The 10 Best Plants I've Seen In Quarantine
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Health and Wellness

The 10 Best Plants I've Seen In Quarantine

My official ranking of the flora in my suburban Maryland neighborhood.

The 10 Best Plants I've Seen In Quarantine

The unwanted free time quarantine has given us has been a challenge to occupy. One thing I enjoy doing is taking a long walk on a sunny day around my parents' neighborhood in Rockville, Maryland. The following plants are by no means the most spectacular I've seen since entering quarantine, but are subtle beauties I never fully observed and appreciated before.

The Japanese Maple Tree

I am enamored with the color of this tree. Every leaf is uniformly a deep and rich burgundy, only lightened by the sun shining through them. The shape of the leaves, that of a delicate maple, create an elegant ripple in the wind.

Cherry Blossoms

Unfortunately, most of the cherry blossoms in my neighborhood at this point have fallen. My camera roll is full of images of them from a couple weeks ago, however, because they felt like soft clouds that hover a little too close to earth.

Lamb's Ear

This plant is soft. Ridiculously soft. I've never felt the ear of a lamb before, but I imagine the soft fuzz of the leaves feels similar.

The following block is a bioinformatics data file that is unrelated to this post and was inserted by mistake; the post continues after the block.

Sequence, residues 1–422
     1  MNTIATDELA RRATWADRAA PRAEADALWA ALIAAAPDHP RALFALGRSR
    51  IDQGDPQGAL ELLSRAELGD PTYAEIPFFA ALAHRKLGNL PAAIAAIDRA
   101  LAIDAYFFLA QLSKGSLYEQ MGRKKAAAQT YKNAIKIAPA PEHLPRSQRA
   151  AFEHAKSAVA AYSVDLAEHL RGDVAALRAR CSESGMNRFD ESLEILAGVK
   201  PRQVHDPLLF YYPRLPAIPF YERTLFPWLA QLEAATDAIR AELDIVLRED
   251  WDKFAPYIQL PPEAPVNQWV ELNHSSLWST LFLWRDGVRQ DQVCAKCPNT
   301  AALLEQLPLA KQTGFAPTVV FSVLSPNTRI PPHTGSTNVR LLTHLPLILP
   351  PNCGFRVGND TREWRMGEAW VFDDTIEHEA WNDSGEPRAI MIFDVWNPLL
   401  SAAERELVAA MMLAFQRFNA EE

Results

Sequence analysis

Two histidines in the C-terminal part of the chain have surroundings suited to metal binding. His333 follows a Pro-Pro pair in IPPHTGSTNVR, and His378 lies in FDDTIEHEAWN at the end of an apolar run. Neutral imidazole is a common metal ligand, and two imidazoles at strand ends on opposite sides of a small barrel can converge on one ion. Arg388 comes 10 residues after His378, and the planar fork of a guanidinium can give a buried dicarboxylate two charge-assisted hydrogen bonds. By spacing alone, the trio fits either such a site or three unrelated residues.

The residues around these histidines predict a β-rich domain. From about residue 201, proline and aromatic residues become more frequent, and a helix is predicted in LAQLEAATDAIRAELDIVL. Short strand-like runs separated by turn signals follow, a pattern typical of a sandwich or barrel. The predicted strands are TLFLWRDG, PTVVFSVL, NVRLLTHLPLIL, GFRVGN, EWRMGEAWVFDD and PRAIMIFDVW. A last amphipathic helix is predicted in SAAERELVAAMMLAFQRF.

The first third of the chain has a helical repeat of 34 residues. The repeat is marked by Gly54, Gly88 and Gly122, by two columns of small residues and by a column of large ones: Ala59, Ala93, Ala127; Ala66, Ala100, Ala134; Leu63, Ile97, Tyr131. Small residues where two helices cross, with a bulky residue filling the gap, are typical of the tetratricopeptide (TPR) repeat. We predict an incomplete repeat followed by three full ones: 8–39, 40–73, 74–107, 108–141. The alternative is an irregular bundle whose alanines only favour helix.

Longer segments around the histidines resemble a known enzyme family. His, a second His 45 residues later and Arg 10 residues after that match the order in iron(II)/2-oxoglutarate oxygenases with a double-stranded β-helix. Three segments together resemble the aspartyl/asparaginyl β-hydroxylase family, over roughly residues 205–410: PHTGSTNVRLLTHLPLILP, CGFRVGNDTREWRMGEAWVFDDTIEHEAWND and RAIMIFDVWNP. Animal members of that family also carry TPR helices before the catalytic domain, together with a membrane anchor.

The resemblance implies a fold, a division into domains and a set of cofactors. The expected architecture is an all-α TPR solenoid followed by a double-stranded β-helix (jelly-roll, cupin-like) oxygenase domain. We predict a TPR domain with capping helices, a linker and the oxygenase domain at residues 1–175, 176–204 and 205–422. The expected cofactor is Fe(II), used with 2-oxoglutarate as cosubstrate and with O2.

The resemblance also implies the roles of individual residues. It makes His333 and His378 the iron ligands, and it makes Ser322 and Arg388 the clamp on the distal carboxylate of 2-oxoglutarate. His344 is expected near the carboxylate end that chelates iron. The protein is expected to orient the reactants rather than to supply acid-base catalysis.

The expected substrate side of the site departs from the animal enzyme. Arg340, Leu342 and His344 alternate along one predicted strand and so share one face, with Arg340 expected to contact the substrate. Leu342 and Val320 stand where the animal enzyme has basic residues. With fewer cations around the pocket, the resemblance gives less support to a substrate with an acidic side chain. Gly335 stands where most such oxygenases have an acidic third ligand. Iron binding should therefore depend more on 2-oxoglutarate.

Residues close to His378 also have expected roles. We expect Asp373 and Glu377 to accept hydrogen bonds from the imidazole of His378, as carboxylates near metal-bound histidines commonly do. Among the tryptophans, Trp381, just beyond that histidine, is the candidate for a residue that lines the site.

Azalea Bushes

A commonality of all colors in my neighborhood, I never looked at the Azalea flower twice. But now that I'm spending my first Spring in Maryland in years, I've come to realize the pink is blinding and enamoring.

Mouse Tracks Hosta

The wide ribbed leaves of the Hosta remind me of simulated prehistoric forest floors I saw in science shows as a kid. I also love the gentle green and the hydrophobic slick leaves.


I love flowers that bunch together in such a way that they look like one big flower. The way rhododendrons extend out and up make it look like they are presenting passerbys with bouquets.

Pine Trees

Big pines take a long time to grow and I want to appreciate how long this one must have taken. Also, I want to appreciate the 1950's suburban sprawl that allowed this formerly short tree to find a place in the ground where I can see it from my window.


Have you ever noticed how petunias feel like velvet? I also think they look like horns, emitting beautiful music.

Spotted Laurel

These leaves are deceptively prickly. I learned that lesson trying to grab those little hard shiny berries.

Winter Creeper

Leaves are not appreciated as much as flowers but this vine should change that forever.

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This article has not been reviewed by Odyssey HQ and solely reflects the ideas and opinions of the creator.
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